With Mother's Day approaching, you might be thinking about ways to pamper yourself and all the rest and relaxation you're needing to catch up on. I don't blame you one bit, and I'd be lying if I said I wasn't hoping for a massage or a pedicure myself. Those one-off moments of pampering are wonderful, but there's a lot more to self-care than that. With a mom holiday on the brain, right now seems like a good time to dig into the concept of self-care a bit more and focus on some strategies for fitting it into your schedule.
Last time I talked a little bit about differentiating between depression and normal highs and lows, and I wanted to start there because I think asking for help is an important foundation for taking care of yourself. In order to know you need help, you first need to check in with yourself and determine what's going on. That's a form of self-care. Once you figure out what's going on, you have to decide what you need and ask for it. That is also a form of self-care.
So, what exactly is self-care?
Most health professionals define self-care as any active participation in enhancing the quality of your physical, mental, or emotional health. That means anything from taking a 5-minute breather to deciding to eat a vegetable with dinner every day to spending a week away at a resort and spa could be considered self-care. You have a lot of flexibility in deciding when to care for yourself and how.
The one thing that brings all forms of self-care together is intention -- that initial moment of checking in, deciding what you need, and asking for it or taking steps to get it. Obviously, if you need counseling or some other kind of professional input, that's step one and usually they will walk you through the process of healing and holding yourself up. That's what I went through when I got treatment for my anxiety and depression and those coping strategies and methods for changing my habits have stuck with me through other changes and goals. Once you decide how best to care for yourself, here are some strategies to help you get into the habit of actually doing it:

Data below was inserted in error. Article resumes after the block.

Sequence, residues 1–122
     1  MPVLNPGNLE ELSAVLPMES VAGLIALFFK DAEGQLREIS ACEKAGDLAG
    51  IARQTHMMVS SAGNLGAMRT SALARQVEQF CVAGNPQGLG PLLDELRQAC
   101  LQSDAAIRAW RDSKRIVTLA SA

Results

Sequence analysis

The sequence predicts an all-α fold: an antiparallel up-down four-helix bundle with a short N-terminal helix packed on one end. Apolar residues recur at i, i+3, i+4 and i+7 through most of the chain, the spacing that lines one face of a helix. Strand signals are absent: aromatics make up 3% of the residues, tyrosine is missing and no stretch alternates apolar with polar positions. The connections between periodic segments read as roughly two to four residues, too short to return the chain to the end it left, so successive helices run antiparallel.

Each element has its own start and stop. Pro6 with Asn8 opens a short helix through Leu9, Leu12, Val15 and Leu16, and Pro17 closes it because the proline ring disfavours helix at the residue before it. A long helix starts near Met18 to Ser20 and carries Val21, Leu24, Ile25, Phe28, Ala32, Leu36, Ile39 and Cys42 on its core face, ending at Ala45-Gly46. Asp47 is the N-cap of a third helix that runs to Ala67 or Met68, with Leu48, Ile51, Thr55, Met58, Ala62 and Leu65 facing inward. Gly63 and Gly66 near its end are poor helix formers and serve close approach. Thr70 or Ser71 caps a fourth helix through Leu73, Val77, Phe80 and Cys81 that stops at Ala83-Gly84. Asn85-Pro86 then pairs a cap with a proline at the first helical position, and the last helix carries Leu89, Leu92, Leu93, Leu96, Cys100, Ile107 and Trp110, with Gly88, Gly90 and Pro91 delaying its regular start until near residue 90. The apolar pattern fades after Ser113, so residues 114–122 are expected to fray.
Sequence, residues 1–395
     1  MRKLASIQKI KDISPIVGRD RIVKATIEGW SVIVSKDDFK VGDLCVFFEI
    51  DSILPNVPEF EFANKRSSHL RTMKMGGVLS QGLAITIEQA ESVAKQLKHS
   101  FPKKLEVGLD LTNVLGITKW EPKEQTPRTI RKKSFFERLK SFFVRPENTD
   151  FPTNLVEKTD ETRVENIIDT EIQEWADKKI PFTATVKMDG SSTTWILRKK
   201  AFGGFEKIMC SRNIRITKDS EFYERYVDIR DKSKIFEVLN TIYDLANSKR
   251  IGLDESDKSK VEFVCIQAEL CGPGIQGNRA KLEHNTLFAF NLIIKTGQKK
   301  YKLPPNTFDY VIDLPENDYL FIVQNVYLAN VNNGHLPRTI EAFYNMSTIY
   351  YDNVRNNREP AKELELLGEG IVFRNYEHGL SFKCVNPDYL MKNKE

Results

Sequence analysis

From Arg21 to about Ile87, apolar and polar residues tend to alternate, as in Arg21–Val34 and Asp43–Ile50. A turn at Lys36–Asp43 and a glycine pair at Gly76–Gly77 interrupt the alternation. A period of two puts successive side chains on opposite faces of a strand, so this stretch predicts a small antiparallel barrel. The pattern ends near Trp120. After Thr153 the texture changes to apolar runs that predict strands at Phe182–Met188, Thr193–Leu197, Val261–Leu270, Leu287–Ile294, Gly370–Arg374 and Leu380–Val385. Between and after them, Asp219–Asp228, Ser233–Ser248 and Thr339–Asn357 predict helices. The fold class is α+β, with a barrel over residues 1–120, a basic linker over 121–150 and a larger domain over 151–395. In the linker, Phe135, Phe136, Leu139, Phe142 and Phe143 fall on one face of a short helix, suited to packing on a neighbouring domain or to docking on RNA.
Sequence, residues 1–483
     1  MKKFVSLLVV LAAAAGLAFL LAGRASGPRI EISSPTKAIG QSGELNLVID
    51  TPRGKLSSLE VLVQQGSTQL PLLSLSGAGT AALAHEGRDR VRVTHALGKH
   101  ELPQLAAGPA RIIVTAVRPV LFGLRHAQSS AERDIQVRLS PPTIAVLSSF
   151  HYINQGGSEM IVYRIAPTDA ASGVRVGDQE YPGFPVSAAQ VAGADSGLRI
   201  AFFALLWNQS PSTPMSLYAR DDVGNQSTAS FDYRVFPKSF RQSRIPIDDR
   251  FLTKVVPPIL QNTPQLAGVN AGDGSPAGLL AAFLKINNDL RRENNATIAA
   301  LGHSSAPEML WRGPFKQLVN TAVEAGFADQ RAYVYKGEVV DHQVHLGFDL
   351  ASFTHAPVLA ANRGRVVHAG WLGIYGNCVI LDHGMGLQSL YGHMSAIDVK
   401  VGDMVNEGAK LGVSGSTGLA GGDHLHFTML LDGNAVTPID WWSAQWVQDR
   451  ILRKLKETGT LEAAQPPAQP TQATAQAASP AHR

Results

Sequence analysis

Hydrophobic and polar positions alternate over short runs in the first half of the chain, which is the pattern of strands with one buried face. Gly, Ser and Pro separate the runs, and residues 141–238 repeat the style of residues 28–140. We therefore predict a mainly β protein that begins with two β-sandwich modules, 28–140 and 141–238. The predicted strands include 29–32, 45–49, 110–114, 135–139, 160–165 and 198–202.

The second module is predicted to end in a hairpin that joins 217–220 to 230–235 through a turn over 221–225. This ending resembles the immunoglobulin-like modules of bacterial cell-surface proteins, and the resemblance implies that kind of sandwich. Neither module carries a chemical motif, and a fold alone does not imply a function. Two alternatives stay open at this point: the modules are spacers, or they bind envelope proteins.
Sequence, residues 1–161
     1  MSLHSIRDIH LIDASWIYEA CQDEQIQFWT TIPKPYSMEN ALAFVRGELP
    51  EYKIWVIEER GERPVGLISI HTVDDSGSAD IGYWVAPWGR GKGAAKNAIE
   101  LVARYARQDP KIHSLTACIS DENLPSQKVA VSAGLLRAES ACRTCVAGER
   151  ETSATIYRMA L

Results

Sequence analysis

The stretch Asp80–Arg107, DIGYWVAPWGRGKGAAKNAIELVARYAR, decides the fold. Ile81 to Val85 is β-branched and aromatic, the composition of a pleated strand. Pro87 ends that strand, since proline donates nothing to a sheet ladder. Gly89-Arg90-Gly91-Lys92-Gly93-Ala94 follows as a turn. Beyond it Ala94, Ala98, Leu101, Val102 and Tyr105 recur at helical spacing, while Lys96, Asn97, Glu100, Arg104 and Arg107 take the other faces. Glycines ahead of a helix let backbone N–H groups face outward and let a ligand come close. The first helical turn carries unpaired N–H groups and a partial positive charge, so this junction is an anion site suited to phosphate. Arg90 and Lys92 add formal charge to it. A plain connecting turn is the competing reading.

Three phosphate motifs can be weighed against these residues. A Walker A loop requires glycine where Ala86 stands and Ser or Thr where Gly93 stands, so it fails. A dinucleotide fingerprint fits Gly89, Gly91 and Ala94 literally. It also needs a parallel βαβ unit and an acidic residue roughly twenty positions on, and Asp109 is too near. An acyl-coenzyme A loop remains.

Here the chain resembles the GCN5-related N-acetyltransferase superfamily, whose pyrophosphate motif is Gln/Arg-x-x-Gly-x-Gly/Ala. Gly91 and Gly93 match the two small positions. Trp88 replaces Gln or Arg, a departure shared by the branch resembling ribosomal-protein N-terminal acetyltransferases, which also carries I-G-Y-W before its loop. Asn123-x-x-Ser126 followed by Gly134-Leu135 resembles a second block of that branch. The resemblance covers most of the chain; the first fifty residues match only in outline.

To begin, start small.
Implementing any sort of change in routine is difficult, no matter how beneficial it might be. Self-care is no different. If you're currently frazzled, stressed out, and struggling to cram everything into your hectic schedule, there's a good chance you're not going to be able to drop everything and start a daily practice of meditating for 45 minutes before sunrise.
Commit to doing something for a small amount of time or an easily attainable goal to get yourself started. Maybe it's a five-minute walk after lunch, or writing down three things that made you smile in a journal each night. Pick something you can handle that will help you de-stress, unload, or introduce more healthful habits into your life, and don't worry if it feels too small to be significant. Follow through on one small thing and then you can build from there.
Remember to be realistic.
This kind of goes hand-in-hand with starting small, but it's important to say it anyway. Do not turn self-care into another thing to beat yourself up about. It's not self-care if you spend the whole time abusing and berating yourself. If you skip a few days, fine. If something else cuts into your time, do your best to work around whatever is going on. If your goal was to take a five-minute walk but instead you decide to sit down and eat a delicious candy bar, good for you. Treating yourself is taking care of yourself too.
Also, temper your expectations. Don't quit on the idea of self-care entirely just because you got one massage and all your life problems aren't solved yet. A lot of us have been neglecting ourselves and our needs for a long time. That doesn't disappear overnight.
Build a support system.
No mom is an island. You can live that way for a long time, but it's very unhappy and lonely. I have a really hard time making friends, so I know the idea of building a supportive network of people can feel impossible. Consider it a part of -- you guessed it -- self-care. Try a new activity like a book club or a workout class. Go to a story time with your kids. Even use social meetup sites, like meetup.com to find like-minded people in your area. If you're not short on friends, reach out to your existing support system and work to strengthen your bonds and re-invest in your friendships.
Parenting is hard, okay? You need people. You need to be able to vent and laugh, to talk out the hard stuff, and to have people you feel you can relate to. You need people in your corner. Do what it takes to get them there. Also, if your support system sucks? Kick the sucky people to the curb. As a wise woman once said, "Ain't nobody got time for that."
Lastly, ignore the haters.
Haters gonna' hate, hate, hate, hate, hate. When I talked to Dr. Jessica Michaelson for my last Mind Over Mommy, one of the things I asked her was how to handle people in your life who are not necessarily supportive of either your efforts to seek help for mental illness or just of positive changes you're making in your life. Her advice? Do it anyway. Ignore naysayers and, like we talked about above, find people who do support you and relate to you. You can deal with other people's concerns and objections once you're feeling on your A-game.
Above all else, remember that you matter and putting yourself last over and over again isn't good for you or the people who depend on you. Nourishing yourself and taking time to recharge is not just taking care of yourself; it's taking care of everyone around you by ensuring that you're bringing the very best version of yourself to the table.
That's important, and so are you.
Mind Over Mommy is a biweekly column devoted to mental health and self-care for moms. As someone who formerly failed to make myself and my well-being a priority, I hope to create a safe space for women to share stories, learn, and encourage one another.